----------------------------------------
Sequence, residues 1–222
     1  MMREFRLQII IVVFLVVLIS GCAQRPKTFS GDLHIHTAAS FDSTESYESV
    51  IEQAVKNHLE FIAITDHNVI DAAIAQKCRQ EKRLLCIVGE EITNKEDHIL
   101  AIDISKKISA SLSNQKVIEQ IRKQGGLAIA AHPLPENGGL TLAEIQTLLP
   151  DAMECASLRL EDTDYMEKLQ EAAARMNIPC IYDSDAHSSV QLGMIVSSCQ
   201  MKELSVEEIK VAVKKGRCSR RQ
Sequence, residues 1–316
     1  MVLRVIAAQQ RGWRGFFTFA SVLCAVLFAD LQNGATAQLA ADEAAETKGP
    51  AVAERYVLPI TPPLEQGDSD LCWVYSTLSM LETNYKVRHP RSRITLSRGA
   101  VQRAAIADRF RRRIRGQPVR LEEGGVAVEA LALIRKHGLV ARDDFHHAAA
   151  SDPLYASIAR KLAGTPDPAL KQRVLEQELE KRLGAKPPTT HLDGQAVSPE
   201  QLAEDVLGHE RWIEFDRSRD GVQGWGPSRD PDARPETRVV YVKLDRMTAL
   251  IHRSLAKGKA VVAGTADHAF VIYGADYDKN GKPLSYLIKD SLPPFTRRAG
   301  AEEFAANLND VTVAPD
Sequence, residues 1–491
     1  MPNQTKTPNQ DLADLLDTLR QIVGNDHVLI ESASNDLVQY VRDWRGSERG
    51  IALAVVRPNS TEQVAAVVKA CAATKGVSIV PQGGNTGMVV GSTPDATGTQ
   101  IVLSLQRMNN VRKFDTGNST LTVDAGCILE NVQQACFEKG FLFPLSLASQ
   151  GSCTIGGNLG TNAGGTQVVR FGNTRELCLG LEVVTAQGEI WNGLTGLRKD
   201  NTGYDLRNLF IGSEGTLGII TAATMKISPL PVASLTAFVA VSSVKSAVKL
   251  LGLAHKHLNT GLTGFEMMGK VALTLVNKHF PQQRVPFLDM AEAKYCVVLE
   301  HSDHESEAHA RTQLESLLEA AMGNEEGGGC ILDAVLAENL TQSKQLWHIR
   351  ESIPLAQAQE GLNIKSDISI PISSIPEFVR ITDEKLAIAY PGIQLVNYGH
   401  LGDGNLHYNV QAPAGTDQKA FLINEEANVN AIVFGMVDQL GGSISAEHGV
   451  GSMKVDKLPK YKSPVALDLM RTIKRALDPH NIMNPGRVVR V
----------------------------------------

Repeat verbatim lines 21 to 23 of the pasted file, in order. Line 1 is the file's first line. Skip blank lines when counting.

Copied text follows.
   251  LGLAHKHLNT GLTGFEMMGK VALTLVNKHF PQQRVPFLDM AEAKYCVVLE
   301  HSDHESEAHA RTQLESLLEA AMGNEEGGGC ILDAVLAENL TQSKQLWHIR
   351  ESIPLAQAQE GLNIKSDISI PISSIPEFVR ITDEKLAIAY PGIQLVNYGH